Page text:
A company that until recently owned the Whale Oil blog owes creditors at least $670,986, liquidator Victoria Toon of Corporate Restructuring says in her first report.

Social Media Consultants was put into voluntary liquidation on Monday.

Whale Oil founder Cameron Slater owned Social Media Consultants until last month, when he transferred his shares to his wife Juana Atkins.

At the same time, a new company was set up called Wobh Ltd, with Atkins as the sole shareholder, on February 13.


Slater declared bankruptcy on February 27, saying a stroke had left him debilitated and unable to work on his blog.

In her report, Toon - who could not be immediately reached for comment - says Social Media Consultants has $856 cash in the bank.

"The value of the business lies in the brand "Whale Oil", the associated blog and the domain name [website address]," she writes.

However, it is not clear at this point whether Social Media Consultants or the new Wobh Ltd own any intangibles.

They were not listed on Social Media Consultants financial records, and were transferred to other companies prior to the liquidation (Atkins is also now the sole shareholder in a number of other companies set up by the couple, including Frog Rock Management and The Whale Meat Company).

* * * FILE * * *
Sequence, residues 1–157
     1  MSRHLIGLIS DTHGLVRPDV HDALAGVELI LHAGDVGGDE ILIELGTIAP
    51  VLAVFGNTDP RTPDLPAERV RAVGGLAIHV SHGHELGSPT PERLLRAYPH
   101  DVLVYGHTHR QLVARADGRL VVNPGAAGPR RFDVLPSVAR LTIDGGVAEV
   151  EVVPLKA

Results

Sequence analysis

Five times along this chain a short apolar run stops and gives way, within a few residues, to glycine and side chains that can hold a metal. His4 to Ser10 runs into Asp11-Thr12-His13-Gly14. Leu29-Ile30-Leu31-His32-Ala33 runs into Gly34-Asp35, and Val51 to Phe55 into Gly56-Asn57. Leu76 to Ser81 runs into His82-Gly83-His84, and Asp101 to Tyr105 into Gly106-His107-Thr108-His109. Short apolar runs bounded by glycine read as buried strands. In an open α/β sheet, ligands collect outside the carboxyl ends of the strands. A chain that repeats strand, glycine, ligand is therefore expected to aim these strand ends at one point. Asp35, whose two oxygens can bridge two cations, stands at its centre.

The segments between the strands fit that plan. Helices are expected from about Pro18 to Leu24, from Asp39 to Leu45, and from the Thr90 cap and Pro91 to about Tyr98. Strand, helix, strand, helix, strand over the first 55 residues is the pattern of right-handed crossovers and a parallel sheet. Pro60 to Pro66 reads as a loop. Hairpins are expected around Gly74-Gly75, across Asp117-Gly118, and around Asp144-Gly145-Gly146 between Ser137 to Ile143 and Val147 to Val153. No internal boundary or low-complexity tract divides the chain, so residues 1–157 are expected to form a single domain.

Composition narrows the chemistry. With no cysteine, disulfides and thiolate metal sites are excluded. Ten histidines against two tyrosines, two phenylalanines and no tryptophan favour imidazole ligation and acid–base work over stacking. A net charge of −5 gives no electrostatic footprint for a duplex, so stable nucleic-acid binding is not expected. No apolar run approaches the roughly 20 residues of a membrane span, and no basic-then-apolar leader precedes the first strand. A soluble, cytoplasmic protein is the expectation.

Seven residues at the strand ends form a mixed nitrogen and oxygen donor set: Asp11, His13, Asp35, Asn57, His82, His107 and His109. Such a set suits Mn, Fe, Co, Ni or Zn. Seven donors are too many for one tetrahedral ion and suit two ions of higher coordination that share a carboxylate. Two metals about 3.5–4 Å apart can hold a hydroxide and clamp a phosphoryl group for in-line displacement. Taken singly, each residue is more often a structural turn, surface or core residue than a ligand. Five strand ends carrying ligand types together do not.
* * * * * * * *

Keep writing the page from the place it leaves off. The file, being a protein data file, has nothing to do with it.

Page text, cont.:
Toon says she has been advised that the blog is being maintained by volunteers in the interim. It has more than 300 paid subscribers, she says.

The liquidator says she has already fielded several offers for the blog.

However, ownership and valuation issues have to be resolved before the site can be sold, she says.


At this stage, Toon says she doesn't have enough information to say if creditors are likely to be paid.

Those owed money include former Conservative Party leader Colin Craig, who took a successful defamation case against Slater and businessman Matthew Blomfield, who was embroiled in legal action against the Whale Oil blogger (ultimately in Blomfield's favour) between 2002 and February this year - making it New Zealand's longest-running defamation case.

Other creditors include Spark, Vodafone, Voyager, ACC, IRD and Brian Henry's Chambers.